Senate Democrats recently passed 17 bills aimed at combating the opioid addiction crisis following a years-long study of addiction and treatment issues in New York. In conjunction with the passing of these bills, the Senate Majority released a report that was generated by the Joint Senate Task Force on Opioids, Addiction and Overdose Prevention.
The Task Force, made up of co-chairs Sen. David Carlucci, D-New City, Sen. Pete Harckham, D-South Salem, and Sen. Gustavo Rivera, D-Kingsbridge Heights, met with those directly impacted by the crisis, medical and treatment professionals and advocates in order to gather information that would be useful to best address the situation at hand.
“The opioid crisis has destroyed lives and devastated communities throughout our state,” said Sen. Majority Leader Andrea Stewart-Cousins, D-Yonkers. “The Joint Senate Task Force on Opioids, Addiction & Overdose Prevention has worked tirelessly holding hearings, coordinating with experts, and helping develop legislation to address this crisis.”
The Task Force, consisting of 12 bi-partisan members, held eight hearings and roundtables, as well as six site visits across New York and even one visit to Canada during this past summer and fall. After gathering all of this information, the Task Force was able to compile a comprehensive report that Co-Chair David Carlucci suggested be used as a blueprint for a pathway moving forward.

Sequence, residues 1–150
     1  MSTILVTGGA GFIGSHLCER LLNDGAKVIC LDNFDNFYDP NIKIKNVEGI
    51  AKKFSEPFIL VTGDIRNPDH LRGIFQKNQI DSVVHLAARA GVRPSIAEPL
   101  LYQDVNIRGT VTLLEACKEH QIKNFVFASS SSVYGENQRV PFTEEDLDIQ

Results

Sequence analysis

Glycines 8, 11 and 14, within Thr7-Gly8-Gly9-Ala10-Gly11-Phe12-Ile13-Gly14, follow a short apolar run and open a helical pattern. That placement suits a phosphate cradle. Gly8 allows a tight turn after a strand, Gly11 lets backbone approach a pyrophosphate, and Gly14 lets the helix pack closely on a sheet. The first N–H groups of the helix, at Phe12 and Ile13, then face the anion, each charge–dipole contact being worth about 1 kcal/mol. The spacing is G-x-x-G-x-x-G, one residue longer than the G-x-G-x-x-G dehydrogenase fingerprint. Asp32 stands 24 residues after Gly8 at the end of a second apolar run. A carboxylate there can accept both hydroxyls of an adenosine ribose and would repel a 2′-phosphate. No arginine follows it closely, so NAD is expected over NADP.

“New York has to lead the way and save lives,” Carlucci said. “Our legislation and report takes a multifaceted approach to aggressively and comprehensively addressing addiction prevention, treatment and recovery.”
The legislation that was passed by the Senate Majority includes bills pertaining to educating medical professionals; opioid prescribing; access to overdose reversal medications; ensuring access to evidence-based, person-centered treatment; insurance; recovery; criminal justice and child welfare.
“The passage of these important bills addressing the opioid crisis demonstrates that my Senate colleagues and I are taking a multi-faceted approach to saving lives,” said Task Force Co-Chair Pete Harckham. “These are important steps toward a larger and critical awareness that lives can be saved, and must be saved, with smart, thoughtful policies regarding treating substance Use Disorder and preventing overdose fatalities.”
Among the 16 senators and advocates who spoke at the event was Angela Robinson who lost her son to opioid addiction. She explained how the advancement of these bills would give the families the necessary tools when a loved one needs help.
Robinson discussed the importance of Stephen’s Law (S.4741-b), sponsored by Sen. Harckham, that would require treatment programs to notify patients of their right to name an emergency contact.
Stepehen’s Law is named after Stephen Canastraro who signed a release form that provided his mother with access to his medical information, although ultimately his mother was not informed of his missed appointments and testing positive for drug use — both were major warning signs of his relapse. He passed away on August 24, 2018.
“This would be a safety net for those who choose to name an emergency contact,” said Robinson.
This law would also require the Office of Alcoholism and Substance Abuse Services (OASAS) to develop guidelines for protocols to be used by treatment programs in communicating with these contacts.
Some of the other 16 bills that were passed in the Senate include updated training for controlled substance prescribers (S.7102-A); access to overdose-deterrent drugs such as Naloxone for those discharged from a treatment center or prison (S.6650); establishing a recovery living task force to look at housing issues (S.4496-A); and treatment in correctional facilities (S.6288-A).
All 17 bills were sent to the Assembly on February 4.